With legal cannabis still unavailable on a federal level, it’s easy for things to get murky when it comes to state jurisdiction. One controversy lies in whether a medical cannabis patient should be allowed to use the plant while on probation — any drug use, (cannabis is still considered a Schedule I drug) is restricted on a federal level. However, the Pennsylvania Supreme Court recently ruled against a county ban in a unanimous decision.
The ruling, known as Gass v. 52nd Judicial District, Lebanon County, declared that anyone holding a valid medical cannabis card is exempt from “arrest, prosecution, or penalty in any manner” — even if they are on court-mandated probation.
The American Civil Liberties Union was prominent in the ruling, arguing that all medical cannabis users deserve the same level of protection under county law (other counties in the state such as Philadelphia or Pittsburgh are more lenient with parolees’ medical cannabis use).
ACLU attorney Sara Rose represented the petitioners while Robert Krandel of the Administrative Office of Pennsylvania Courts acted as legal counsel for Lebanon County’s judicial district. Three citizens, who were all allegedly forced to stop using medical cannabis during their probation periods, acted as plaintiffs.
“Just looking at the plaintiffs represented in this case shows how important it was,” Rose told Green Flower. “Our lead plaintiff went from multiple seizures per day to a few per month. Medical cannabis is essential for her to live a normal life. All three of our plaintiffs found so much relief from cannabis, so the idea to deny a medical treatment that a patient’s doctor and the common law of Pennsylvania allows, simply because they are on probation, is very harmful and frankly outrageous.”
The three plaintiffs, Melissa Gass, Ashley Bennett and Andrew Koch, were using medical cannabis to treat ailments such as seizures, post-traumatic stress disorder, and chronic pain. “I had to fight for my life and for the lives of others who are helped by medical cannabis. I am incredibly grateful for this outcome,” Gass said in an ACLU statement.
Lebanon County’s ruling will likely have an effect on other states and counties as they reexamine the relationship between medical cannabis and parolees. Pennsylvania’s Jefferson County is already reviewing the justices’ opinion to adopt a similar order.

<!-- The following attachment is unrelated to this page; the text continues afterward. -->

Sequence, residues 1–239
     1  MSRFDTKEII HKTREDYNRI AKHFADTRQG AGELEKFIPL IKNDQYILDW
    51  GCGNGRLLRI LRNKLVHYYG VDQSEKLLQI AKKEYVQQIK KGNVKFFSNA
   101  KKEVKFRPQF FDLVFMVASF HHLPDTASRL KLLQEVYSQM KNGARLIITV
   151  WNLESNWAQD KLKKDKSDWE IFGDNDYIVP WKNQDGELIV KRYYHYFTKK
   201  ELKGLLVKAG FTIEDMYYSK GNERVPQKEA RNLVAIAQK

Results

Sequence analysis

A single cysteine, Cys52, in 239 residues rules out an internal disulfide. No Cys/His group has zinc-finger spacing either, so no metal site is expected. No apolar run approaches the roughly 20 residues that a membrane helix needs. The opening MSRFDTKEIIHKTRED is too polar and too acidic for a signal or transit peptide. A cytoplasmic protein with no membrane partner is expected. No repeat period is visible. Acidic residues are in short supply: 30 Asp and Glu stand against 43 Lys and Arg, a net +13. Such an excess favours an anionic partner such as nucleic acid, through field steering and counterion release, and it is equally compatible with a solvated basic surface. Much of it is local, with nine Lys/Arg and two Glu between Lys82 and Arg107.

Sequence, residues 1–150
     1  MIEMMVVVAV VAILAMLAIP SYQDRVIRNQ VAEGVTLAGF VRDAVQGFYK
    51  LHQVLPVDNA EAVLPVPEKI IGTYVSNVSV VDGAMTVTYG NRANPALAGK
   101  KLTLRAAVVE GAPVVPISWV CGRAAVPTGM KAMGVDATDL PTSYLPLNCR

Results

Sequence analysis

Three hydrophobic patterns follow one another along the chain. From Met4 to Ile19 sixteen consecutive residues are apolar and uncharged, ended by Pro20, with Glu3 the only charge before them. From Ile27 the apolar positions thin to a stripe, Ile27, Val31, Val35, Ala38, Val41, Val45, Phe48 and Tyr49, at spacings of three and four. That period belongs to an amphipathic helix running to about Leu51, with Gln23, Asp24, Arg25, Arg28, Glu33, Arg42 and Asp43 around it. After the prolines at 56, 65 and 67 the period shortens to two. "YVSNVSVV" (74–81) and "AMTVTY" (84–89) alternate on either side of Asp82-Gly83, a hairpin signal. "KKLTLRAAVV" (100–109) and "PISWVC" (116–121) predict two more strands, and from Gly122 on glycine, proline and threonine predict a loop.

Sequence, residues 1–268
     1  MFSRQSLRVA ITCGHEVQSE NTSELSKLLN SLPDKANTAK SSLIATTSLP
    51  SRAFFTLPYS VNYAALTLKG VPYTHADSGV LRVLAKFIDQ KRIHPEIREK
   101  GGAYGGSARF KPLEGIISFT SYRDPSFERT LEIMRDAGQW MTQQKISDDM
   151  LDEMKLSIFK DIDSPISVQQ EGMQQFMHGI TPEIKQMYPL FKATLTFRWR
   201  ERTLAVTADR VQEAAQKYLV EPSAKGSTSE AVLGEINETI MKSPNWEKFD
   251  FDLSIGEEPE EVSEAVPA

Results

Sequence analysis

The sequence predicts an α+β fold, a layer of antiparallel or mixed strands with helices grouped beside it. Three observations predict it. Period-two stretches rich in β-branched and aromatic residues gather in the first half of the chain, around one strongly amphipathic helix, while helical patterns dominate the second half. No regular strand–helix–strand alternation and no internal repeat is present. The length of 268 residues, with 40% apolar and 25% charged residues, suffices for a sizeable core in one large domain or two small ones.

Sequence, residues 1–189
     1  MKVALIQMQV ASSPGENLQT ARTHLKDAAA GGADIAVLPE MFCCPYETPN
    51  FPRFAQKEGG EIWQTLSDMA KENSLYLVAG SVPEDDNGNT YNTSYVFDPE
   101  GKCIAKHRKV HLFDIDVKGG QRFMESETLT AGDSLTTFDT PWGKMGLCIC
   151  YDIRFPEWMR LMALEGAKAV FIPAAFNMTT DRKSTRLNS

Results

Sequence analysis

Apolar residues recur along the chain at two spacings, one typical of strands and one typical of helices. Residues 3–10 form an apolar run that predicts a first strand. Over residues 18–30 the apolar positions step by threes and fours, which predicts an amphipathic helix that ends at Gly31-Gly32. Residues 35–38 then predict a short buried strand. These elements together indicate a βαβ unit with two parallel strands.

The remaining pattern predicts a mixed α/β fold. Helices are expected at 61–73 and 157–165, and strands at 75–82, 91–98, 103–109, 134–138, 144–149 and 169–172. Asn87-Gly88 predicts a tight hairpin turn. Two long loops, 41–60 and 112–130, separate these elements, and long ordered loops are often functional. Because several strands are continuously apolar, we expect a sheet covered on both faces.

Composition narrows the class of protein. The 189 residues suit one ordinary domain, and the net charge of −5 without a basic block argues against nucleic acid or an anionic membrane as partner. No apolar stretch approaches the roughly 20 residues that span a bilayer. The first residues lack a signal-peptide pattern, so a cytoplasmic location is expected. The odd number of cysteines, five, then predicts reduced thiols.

Other states have also adopted ordinances that protect citizens on probation from getting in trouble for cannabis use. One of the first states to do so was California, where it was ruled in 2003 that any unlawful use of cannabis by a parolee can be considered grounds for punishment, but a person with a legally-obtained medical license cannot be penalized for cannabis use.
Colorado also allows its citizens who are both on probation and members of the medical cannabis community to partake without facing legal consequences. The decision came from the review of an El Paso County case in the state, in which a woman on probation for 12 months was forbidden from using medical cannabis. Although she had a license, the court decided that without an official doctor’s recommendation, they would not allow it. The Supreme Court disapproved of this decision, stating that the medical cannabis license is presumption enough that cannabis use should have been allowed.
Two recent cases in Oregon (2018 and 2019) resulted in a 2019 order that allows any person on probation to use medical cannabis as long as they have a patient registry card. Likewise, Arizona’s Supreme Court came to a similar ruling earlier this year.
The Arizona Court of Appeals issued the following statement in response to a citizen on probation lobbying for his right to use medical cannabis to manage pain:
“If the state extends a plea offer that includes probation, it cannot condition the plea on acceptance of a probationary term that would prohibit a qualified patient from using medical marijuana.”
With the majority of the states currently offering medical cannabis programs to their citizens, with varying qualifications and restrictions, it is likely that this question will continue to pop up in courtrooms across the country.